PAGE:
It’s my contention that God spoke to those people in the context of their culture and their cosmology. If I look at this as a scientific treatise or an historical record, I will, indeed, see imperfections. The Bible is very imperfect at being what it is not.

While these elements of ancient cosmology may look like errors to us, they are actually “intentionals,” i.e., they are intentional elements of the way God chose to communicate with people and also chose to provide scripture.

I would add further that the way in which the Bible was transmitted also points away from this kind of accurate fulfillment of our modern desires. I’d love to have good material on which to base precise dating of the kings of Judah and Israel. But if you try to line up those numbers you’ll find they don’t work so well. A massive effort of proposing co-regencies and various differences in recording accession years can bring much of it into line, but even Edwin R. Thiele (The Mysterious Numbers of the Hebrew Kings, Grand Rapids, MI: Kregel Academic, 1994) had to suggest that some of the final records of the northern kingdom had been lost. (I don’t have the page number, but I’ll hunt it down if anyone requests it.)

The message of the books of Kings is not lost, however, because I can’t satisfy my curiosity. Thus what is an imperfection from my perspective is not an imperfection from another.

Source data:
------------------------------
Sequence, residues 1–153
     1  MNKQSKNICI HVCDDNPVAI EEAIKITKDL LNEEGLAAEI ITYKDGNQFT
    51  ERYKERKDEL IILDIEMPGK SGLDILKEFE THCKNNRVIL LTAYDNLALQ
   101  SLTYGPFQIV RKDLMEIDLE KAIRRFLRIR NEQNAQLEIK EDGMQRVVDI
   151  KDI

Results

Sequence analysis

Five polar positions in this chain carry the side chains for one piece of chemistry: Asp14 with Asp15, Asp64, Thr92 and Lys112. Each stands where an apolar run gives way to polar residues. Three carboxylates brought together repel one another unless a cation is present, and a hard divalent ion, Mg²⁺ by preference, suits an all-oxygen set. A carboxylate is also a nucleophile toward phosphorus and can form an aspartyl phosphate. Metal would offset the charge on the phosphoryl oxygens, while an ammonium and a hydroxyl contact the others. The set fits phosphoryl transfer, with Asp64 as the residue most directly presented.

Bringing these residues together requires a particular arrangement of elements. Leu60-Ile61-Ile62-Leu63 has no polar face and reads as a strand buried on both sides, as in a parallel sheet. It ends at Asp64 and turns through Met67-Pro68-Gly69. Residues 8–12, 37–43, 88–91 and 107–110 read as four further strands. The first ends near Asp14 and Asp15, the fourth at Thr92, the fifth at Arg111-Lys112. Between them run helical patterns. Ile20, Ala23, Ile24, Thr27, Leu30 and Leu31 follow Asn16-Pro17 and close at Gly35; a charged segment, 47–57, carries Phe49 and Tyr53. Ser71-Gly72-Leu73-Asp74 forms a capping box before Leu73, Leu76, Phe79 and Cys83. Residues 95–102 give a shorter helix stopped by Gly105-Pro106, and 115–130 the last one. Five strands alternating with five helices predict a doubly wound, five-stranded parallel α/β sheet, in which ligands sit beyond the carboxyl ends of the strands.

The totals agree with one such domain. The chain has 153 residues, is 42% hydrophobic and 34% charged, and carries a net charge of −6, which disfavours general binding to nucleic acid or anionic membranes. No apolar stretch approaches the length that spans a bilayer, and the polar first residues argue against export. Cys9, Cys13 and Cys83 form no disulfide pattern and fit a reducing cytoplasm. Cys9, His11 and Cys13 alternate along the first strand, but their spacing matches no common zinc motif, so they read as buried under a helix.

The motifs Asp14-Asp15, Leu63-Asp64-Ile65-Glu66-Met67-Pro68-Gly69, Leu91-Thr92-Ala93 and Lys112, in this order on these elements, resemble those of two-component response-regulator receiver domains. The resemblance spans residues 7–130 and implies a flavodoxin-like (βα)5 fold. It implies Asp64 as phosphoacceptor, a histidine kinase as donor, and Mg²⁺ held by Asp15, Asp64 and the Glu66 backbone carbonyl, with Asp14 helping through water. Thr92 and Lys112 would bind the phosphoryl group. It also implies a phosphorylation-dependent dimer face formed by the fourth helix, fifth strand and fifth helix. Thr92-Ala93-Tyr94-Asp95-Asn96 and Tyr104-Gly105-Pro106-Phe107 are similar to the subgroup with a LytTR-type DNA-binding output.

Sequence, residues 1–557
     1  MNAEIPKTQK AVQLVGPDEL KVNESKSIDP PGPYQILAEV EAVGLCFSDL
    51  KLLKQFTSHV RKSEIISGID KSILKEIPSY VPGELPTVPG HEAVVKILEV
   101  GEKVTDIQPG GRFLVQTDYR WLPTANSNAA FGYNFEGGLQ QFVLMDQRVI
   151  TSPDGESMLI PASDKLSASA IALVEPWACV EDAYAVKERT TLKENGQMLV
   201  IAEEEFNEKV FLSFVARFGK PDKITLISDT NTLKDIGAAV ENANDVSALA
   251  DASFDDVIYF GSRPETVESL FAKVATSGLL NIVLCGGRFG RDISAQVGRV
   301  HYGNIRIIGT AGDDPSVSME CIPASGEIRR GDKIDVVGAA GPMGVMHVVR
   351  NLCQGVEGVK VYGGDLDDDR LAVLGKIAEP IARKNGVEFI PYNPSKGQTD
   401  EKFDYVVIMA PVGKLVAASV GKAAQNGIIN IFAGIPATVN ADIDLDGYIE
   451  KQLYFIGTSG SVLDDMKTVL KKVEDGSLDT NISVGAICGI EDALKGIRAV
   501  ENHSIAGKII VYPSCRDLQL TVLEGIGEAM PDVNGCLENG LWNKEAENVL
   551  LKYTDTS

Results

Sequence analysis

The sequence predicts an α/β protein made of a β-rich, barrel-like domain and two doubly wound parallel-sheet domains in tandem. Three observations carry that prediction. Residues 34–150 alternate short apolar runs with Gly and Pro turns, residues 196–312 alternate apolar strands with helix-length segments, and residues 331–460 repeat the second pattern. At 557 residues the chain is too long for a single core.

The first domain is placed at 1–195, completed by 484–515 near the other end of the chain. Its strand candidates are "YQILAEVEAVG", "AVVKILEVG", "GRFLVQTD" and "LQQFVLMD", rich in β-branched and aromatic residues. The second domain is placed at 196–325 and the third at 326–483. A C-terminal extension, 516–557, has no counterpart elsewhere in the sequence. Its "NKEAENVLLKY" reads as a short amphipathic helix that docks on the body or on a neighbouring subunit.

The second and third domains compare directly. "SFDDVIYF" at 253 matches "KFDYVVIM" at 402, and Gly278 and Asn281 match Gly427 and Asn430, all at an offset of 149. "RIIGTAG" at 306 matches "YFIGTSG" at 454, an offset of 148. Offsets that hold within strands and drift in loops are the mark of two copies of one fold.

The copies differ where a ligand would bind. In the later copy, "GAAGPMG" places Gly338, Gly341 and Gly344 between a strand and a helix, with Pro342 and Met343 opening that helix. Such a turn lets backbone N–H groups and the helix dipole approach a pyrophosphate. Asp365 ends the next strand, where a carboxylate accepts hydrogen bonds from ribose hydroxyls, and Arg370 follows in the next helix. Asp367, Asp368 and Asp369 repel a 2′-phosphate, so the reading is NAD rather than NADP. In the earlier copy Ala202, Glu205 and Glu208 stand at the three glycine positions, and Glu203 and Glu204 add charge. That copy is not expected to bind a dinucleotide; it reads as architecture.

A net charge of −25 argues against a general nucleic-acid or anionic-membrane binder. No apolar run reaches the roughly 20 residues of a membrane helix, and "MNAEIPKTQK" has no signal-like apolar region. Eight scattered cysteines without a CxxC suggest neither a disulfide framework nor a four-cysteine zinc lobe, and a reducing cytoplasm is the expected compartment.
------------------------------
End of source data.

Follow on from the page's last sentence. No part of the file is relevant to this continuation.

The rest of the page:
I know this presents problems for some Christian apologists. The eternal effort to prove the Bible’s truthfulness, or at least make it highly probable, is very important to some. But the question is whether that enterprise matches God’s intent in scripture. As I mentioned earlier the benefit of 2 Timothy 3:17, which doesn’t say, “that the man of God may know history” or “that the man of God may know science.” Of course our understanding of how scripture is presented and how it came to be will impact the way we read that passage as well!

Now just because the Bible is aiming to teach those subjects doesn’t mean it doesn’t have information on those topics. That is a separate investigation. What it does mean is that if we try to evaluate the Bible as a history or science book, we’ll find imperfections, since “perfect” always relates to a goal or standard. If we’re using the wrong standard, we’ll be misled.